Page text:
- What are they saying? What don’t I understand?
The converse of understanding our personal biases is to understanding the viewpoints, biases, and beliefs of others. To really listen to someone, particularly someone with an opposing viewpoint, we must align ourselves with them. Aligning isn’t the same as agreeing – at least not in this definition. By aligning, I mean speaking the same language, putting aside our personal beliefs to understand what someone else is really saying. Even if you disagree, the intention isn’t to prove you’re right or to education the other person. It’s to broaden your understanding of the conversation as a whole. What about their argument troubles you? What do you simply not understand? Ask questions that will help you gain an understanding. This doesn’t mean grilling them or asking them leading questions that prove you were right all along. Ask questions that will clarify their logic. Ask questions that will help sharpen their argument. Ask questions that might convince you that they were right all along. Because maybe they are right. Even just a little bit.
- What did I learn?
Every good conversation will teach you something. Maybe it reaffirmed what you already believed. Maybe it gave you a deeper understanding of the topic. Maybe it changed your mind. When you really listen to another person, you will undoubtedly learn something. Acknowledge it. Appreciate it. Write it down so you’ll remember it. If you didn’t learn something, find out why. Did you ask the right questions? Did you probe far enough? Even knowing why you didn’t learn something can be a lesson – it gives you the opportunity to be a better listener in the future.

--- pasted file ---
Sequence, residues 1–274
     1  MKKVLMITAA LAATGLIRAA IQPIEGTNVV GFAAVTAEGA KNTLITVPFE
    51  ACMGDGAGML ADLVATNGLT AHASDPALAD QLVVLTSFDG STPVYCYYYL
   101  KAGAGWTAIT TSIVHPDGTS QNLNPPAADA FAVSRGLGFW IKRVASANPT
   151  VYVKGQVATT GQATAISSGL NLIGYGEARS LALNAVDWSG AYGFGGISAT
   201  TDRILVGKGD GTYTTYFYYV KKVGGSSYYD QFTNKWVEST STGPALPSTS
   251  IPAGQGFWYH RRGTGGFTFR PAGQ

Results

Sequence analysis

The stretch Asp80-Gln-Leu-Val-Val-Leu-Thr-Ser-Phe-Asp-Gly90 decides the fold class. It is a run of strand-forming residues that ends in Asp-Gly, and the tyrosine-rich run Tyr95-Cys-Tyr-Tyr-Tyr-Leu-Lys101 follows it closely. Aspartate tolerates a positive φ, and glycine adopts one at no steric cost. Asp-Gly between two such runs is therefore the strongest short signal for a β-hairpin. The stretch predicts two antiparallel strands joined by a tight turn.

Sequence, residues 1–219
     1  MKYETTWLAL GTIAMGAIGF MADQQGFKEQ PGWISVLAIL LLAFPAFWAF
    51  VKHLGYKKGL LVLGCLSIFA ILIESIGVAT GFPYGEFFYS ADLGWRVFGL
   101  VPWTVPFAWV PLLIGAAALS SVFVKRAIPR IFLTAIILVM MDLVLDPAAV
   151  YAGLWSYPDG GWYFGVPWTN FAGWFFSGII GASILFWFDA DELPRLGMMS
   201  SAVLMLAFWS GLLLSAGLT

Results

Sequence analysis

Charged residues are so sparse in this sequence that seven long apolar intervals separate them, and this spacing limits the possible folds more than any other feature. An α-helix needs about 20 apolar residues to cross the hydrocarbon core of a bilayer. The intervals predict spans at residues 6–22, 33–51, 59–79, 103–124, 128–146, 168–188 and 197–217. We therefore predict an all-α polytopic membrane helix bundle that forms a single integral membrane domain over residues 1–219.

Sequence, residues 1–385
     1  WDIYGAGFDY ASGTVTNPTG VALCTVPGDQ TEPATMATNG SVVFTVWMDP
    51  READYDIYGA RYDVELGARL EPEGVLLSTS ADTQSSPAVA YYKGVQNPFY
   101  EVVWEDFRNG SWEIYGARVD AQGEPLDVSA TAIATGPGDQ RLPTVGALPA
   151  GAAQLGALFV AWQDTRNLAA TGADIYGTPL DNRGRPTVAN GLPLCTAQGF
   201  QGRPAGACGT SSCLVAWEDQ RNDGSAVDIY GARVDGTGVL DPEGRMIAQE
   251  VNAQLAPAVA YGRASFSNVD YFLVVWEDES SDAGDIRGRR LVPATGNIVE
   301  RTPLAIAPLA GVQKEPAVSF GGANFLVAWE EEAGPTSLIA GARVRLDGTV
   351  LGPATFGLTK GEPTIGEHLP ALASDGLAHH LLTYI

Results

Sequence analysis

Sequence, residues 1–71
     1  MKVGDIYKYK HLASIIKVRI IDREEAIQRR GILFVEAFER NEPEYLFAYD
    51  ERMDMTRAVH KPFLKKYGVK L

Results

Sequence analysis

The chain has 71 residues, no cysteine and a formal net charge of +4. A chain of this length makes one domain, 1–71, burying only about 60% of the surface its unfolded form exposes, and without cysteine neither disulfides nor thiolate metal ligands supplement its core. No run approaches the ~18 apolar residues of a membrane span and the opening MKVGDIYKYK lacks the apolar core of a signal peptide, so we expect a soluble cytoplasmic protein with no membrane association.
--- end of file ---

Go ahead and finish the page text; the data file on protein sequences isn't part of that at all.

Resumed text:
- What do I do now?
Some days, learning can be its own reward. Unfortunately, in our current political and cultural climate, we need involvement and action. Real, intentional listening can be a guide to this action. It can help identify shared beliefs and shared goals to build on. It can identify areas of misunderstanding. Alternatively, it can fuel determination and passion. Look at what you learned. Look at what you still need to learn. Use this to identify a point of entry. And once you start acting, don’t forget to keep listening.
One of the most important parts of listening is to listen to as many people as possible. Immediately following the election, many people committed to escaping their bubbles – seeking out people from across the political and social spectrum in order to understand the whole conversation. We should find people we disagree with and make a point to really listen to them. We should also find people we agree with – it’s amazing how much diversity there is even within our bubbles. There has been some great conversations about acknowledging the diversity within the Women’s March – and how we all need to listen and learn from each other in order to support one another. Listening isn’t going to solve all of our problems. It’s not a panacea – but it is one step we can take as we collectively shape our nation’s future.